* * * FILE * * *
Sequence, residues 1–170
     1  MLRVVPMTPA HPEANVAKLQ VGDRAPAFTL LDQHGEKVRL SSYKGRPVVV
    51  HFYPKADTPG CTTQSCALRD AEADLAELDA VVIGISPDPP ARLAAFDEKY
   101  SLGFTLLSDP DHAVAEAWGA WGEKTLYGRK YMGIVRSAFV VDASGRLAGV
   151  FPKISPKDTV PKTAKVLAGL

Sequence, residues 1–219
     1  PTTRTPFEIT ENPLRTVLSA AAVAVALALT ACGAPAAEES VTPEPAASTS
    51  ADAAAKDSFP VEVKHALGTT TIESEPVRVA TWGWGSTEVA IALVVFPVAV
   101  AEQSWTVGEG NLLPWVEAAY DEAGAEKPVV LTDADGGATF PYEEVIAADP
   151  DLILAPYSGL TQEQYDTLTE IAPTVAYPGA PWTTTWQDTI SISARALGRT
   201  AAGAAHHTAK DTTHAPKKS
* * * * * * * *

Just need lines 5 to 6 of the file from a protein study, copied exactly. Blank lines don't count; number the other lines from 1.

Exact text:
   151  FPKISPKDTV PKTAKVLAGL

Sequence, residues 1–219